Hi Guido,

I actually was playing around with how to implement this yesterday, and I put together the attached as an implementation. I realized that simply passing attributes through via `__getattr__` likely won't work, as class methods and variables won't be passed through correctly, so in you example, I believe dict_str_pair.from_keys(range(10)) will fail. That is why I created an ad-hoc subclass of the subscripted type, so that it will inherit all of that, and we can just override what we need. Perhaps there is a simpler solution to solve this problem that I am unaware of. I copied your repr since it was better than the one I threw together :)

I didn't do much error checking in __new__/__init__ because I mostly wanted to find a system that seemed robust enough and having something to show.


On Mon, Jan 27, 2020 at 8:27 AM Guido van Rossum <guido@python.org> wrote:
I'm beginning implementation work for PEP 585. I've got a little pure Python class that I'll use to guide me. (See attached proxy.py.) Then I'll start the work, roughly like this:

  •  Create a cpython fork (gvanrossum/pep585 where to do the work).
  •  Write a simple _Py_Class_GetItem(origin, parameters) function that just returns origin (after INCREF).
  •  Add that function to list, tuple and dict to show it works.
  •  Write some tests.
  •  Write a simple Proxy object to hold origin and parameters and return it from _Py_Class_GetItem.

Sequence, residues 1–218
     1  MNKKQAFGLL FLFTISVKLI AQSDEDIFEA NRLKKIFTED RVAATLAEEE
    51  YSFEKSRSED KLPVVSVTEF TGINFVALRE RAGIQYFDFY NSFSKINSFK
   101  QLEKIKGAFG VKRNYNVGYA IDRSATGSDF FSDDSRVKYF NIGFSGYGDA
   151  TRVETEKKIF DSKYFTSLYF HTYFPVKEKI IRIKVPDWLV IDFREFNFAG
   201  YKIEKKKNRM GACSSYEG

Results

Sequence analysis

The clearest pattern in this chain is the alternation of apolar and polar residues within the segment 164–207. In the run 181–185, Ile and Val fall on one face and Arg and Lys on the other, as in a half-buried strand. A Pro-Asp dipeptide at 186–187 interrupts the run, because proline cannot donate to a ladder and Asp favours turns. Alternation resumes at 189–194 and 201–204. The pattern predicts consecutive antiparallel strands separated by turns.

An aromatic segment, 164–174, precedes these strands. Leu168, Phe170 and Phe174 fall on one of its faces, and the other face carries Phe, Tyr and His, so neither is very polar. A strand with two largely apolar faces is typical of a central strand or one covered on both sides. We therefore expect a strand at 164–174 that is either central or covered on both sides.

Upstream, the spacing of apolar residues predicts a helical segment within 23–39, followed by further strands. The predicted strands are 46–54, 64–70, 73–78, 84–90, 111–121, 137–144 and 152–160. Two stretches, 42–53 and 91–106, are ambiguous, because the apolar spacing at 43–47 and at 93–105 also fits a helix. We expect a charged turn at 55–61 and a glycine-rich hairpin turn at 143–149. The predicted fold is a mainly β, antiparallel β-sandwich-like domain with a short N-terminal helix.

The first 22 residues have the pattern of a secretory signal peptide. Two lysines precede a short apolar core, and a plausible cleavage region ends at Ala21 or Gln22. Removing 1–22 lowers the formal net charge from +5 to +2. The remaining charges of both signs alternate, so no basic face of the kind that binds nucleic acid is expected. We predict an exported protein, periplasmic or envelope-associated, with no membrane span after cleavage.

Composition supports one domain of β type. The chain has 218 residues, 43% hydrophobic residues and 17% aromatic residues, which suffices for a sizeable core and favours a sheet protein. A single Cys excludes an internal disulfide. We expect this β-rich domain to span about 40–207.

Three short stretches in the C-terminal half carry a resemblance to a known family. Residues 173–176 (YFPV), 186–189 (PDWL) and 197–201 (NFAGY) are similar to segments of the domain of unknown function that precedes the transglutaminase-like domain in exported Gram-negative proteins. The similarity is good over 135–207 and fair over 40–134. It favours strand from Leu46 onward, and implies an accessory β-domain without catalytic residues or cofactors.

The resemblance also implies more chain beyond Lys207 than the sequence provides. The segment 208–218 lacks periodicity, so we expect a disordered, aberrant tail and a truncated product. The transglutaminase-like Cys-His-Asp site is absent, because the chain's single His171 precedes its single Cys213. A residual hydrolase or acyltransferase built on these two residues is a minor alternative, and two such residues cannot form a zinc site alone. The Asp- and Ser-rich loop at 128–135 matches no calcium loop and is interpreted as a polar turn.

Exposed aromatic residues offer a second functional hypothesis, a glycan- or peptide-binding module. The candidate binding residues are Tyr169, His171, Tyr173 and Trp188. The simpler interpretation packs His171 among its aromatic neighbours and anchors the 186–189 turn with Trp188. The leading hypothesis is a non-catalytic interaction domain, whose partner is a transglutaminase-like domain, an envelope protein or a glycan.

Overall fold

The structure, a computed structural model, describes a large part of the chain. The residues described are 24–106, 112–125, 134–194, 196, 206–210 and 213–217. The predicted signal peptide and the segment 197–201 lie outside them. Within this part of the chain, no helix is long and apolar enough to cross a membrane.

•  Update tests.
  •  Add __repr__ implementation and getattr forwarding functionality.
  •  Update tests.
  •  Deploy more widely to other builtin classes (set, frozenset, type).
  •  Update tests.
  •  Add specific methods that are supposed to fail (__class_getitem__, __instancecheck__, __subclasscheck__).
  •  Update tests.
At this point we're ready to start using the proxy class in typing.py, instead of the current implementation of _GenericAlias. We'll need to debate whether all the error checks we currently have in typing.py we *really* need to keep (usually these will also be detected by running a static type checker, so there's little harm in allowing nonsense like `list[1, 2, 3]`). Alternatively I'll need volunteers to implement those checks.

I expect the implementation work to result in proposed improvements to PEP 585. (I already have some -- I don't think `isinstance(x, list[int])` should work, and I don't think we should strive for `list[int] == list`.)

--Guido van Rossum (python.org/~guido)
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